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The People's Right to Keep and Bear Arms
The 2nd Amendment of the Bill of Rights: "A well regulated militia, being necessary to the security of a free State, the Right of the people to Keep and Bear Arms shall not be infringed."
Right to Bear Arms News 3/07/01
----- Original Message -----
Sent: Monday, March 05, 2001 2:32 AM
Subject: Re: Crime in Britain and Australia vs USA
Source: Punch Magazine
Published: May 3-16, 2000
Britain's Tough Gun Control Laws Termed Total Failure
Land Of Hope And Gunrunning
By Peter Woolrich
Four years after the Dunblane massacre, Britain's
tighter gun laws have failed completely. Now there
is a race against time to stop the UK from becoming
as trigger-happy as the US.
[Officers are being confronted by youngsters on
mountain bikes with automatic weapons]
Britain's gun control laws, introduced after the
Dunblane massacre in 1996, have proven to be a disaster.
There are now an estimated three million illegal
firearms in the UK, perhaps double the number of
four years ago, and the only effect the knee-jerk
political reaction that led to the Firearms (Amendment)
Act 1997 has had is to shut down legitimate gun clubs.
Fears that Britain is on the way to adopting a US-style
gun culture are now a reality "We look to Los Angeles
for the language we use," Morrissey once sang, but it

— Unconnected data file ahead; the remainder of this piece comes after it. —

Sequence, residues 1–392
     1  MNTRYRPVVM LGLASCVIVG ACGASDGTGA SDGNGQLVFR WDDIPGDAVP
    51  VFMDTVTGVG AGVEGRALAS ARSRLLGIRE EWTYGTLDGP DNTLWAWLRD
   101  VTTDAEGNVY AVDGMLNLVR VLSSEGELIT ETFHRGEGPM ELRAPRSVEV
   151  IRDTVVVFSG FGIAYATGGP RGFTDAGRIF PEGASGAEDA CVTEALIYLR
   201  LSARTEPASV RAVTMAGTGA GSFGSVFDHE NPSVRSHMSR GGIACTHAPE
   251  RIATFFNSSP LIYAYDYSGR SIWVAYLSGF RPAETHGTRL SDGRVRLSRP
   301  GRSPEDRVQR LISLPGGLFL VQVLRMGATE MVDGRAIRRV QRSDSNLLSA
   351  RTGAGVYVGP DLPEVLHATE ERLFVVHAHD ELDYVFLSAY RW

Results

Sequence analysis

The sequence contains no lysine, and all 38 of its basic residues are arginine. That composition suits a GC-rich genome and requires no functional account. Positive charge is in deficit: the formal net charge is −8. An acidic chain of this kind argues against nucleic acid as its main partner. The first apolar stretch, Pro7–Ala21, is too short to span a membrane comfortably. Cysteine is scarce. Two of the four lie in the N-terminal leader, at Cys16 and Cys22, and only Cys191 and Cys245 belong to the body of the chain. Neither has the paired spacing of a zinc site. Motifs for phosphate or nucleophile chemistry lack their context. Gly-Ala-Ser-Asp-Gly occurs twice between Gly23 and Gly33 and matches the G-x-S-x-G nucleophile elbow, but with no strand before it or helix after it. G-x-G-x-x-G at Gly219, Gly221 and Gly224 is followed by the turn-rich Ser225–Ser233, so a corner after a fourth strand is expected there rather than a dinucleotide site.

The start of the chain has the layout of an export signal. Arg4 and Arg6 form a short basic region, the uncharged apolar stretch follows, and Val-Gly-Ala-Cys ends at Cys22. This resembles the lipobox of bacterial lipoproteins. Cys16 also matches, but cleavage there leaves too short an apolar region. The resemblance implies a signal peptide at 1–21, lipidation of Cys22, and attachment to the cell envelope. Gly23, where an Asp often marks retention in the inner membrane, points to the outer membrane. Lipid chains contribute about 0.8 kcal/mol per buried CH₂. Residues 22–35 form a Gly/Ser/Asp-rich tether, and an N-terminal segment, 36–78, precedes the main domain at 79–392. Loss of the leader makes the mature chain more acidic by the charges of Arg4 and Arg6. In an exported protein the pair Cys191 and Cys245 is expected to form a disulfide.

was never envisaged that "drive-by shooting" and "Big Mac"
(the Mac-10 sub-machine gun, which fires 20 rounds a
second) would become as much a part of the vocabulary
of street-wise teenagers in Merseyside, Glasgow and
London as hamburger and fries.
Some believe the three million figure, collated by Home
Affairs Committee researchers working on a recent
parliamentary report into the gun trade. Either way,
vast stockpiles of weapons have fuelled a spate of
shootings in Britain's cities, including Manchester
where a 17-year-old was recently killed.
The new research suggests that in some areas a third
of young criminals, classed as those aged 15 to 25
with convictions, own or have access to guns ranging
from Beretta sub-machine guns to Luger pistols, which
change hands on street corners and in pubs for as
little as 150 (pounds).
"There is a move from the pistol and shotgun to
automatic weapons," says Detective Superintendent
Keith Hudson of the National Crime Squad. "We are
recovering weapons that are relatively new - and
sometimes still in their boxes from eastern
In London there were more than 20 fatal shootings
last year allegedly linked with the Yardies,
gangsters who have their roots in Jamaica, compared
with nine killings in 1998. In one, Andy Balfour,
32, was shot eight times with a Mac 10, and last summer
BBC hip-hop disc jockey Tim Westwood was shot by a
man on a motorbike who opened fire as he drove home
from a gig in Kennington, south London.
Last month, Gabriel Egharevba, 17, was also shot by